I found myself looking at my options of what to do with a free afternoon in Reykjavik. As I miscalculated my itinerary and ended up with only got half a day, which was a bummer. I was looking forward to seeing Landmannalaugar, but that trip requires an early start.
So here were the options I was faced with:
Option #1 – I could take it easy and recover from jet lag before taking off to Paris the next day.
Option #2 – Jet lag? What jet lag? Stop being a wuss and get on an afternoon tour of the Golden Circle. So what if you just spent 15 hours on a trans-atlantic flight.
When I first started researching Iceland, I thought the Golden Circle was the ring road that circles the whole island. Naturally I was flabbergasted. Wow – it only takes 4 hours to drive the whole of Iceland? It is a lot smaller than I thought.
Turned out that Golden Circle is well, a much tinier circle than the ring road. It’s the marketing name for a route that takes you through places around Reykjavik in a convenient afternoon.
I’d like to think of the Golden Circle as a sampler of what Iceland has to offer. Unfortunately, because I’m not as immune to jet lag as I used to be, I saw the whole tour through a jet-lagged goggle, drooling against the window between stops.
Despite that, I finished the tour thinking that
1. I just ADORE Icelandic accent. Especially that of Yonna’s, our tour guide.
2. Iceland is weird. If Hawaii and Alaska had a baby, it would be tiny Iceland.
See, it has both very hot and very cold elements. It’s volcanic: it steams, sputters, and bubbles.
It sits on top of the meeting of two tectonic plates, the consequence of which is the rift valley that can be seen in Þingvellir National Park.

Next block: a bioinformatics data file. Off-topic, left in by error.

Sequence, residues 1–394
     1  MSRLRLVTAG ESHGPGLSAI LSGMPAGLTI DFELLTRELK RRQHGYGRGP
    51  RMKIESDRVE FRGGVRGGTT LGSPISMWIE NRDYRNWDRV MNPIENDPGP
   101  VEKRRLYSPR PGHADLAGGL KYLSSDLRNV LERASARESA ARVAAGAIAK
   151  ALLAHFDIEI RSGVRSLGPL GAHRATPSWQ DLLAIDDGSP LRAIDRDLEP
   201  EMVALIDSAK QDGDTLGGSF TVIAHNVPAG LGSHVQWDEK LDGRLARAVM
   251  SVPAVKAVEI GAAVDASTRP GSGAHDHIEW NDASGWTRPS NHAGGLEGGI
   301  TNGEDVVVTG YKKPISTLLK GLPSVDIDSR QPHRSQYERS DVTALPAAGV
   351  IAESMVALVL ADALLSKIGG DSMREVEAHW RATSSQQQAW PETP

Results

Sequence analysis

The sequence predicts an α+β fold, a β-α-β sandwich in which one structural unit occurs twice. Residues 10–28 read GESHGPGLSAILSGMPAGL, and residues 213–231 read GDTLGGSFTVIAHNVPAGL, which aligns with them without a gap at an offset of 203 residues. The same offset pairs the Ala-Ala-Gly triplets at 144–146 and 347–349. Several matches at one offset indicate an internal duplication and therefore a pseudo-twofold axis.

Some of these rifts are filled with ridiculously clear water (and super cold).
But it also has glaciers and ice caves. It has cold summer (hey, just like San Francicso – maybe thats why it felt like home). It has tundras and grass fields that’s commonly found in northern parts of the world. No big trees here.
Here’s the common landscape often seen through our window on the Golden Circle.
It has mountains and beaches and lakes.
It has geysirs. Strokkur Geysir graces us with its presence every 5-10 minutes.
And it has waterfalls – Gulfoss
Even though I dozed on and off throughout the trip, I managed to capture some trivia tidbits about this country on the 66th parallel.
Like the fact that the first gay couple who got married after gay marriage was legalized in Iceland was their own prime minister and her partner.
And that 99% of the houses in Reykjavik were heated by geothermal power – thanks to Reykjavik’s underground volcanic activity (the big pipe criss-crossing the landscape is not carrying oil, but heated water).
2 facts of very different nature that I admire so much about Iceland.
Anyway, the afternoon passed in a pattern of: stop to gawk at some sceneries, get back on the bus, me falling asleep, repeat.
On our way home home in the middle of one of these narratives, I noticed that Yonna’s melodious voice with the singsongy accent that I loved so much has gotten deep, and well, not quite as melodious. Yonna – what’s wrong?
I craned my neck to see up front and was surprised to see that Yonna has transformed into a middle aged balding guy. And what do you know – my van has warped into a much bigger one. What the heck happened?
Apparently on our last stop, those who were heading towards some hostels were moved onto a different, bigger van, complete with a different driver to speed up the drop off process. An experience that completely escaped my addled brain.
Naturally I wondered, OMG – WHAT ELSE DID I MISS?
Lesson learned: jet lag does funny things to you.
I’ll be spending the next month in mainland Europe, before coming back for a 8 day road trip around Iceland.
The Golden Circle was just an itty bitty taste of what Iceland has to offer and based of what I’ve seen, I have a feeling I’m going to love the rest.
Golden Circle Tour
If you ever find yourself with a free afternoon, Sterna offers a Full Golden Circle tour starting at 1:30pm for 9000 ISK.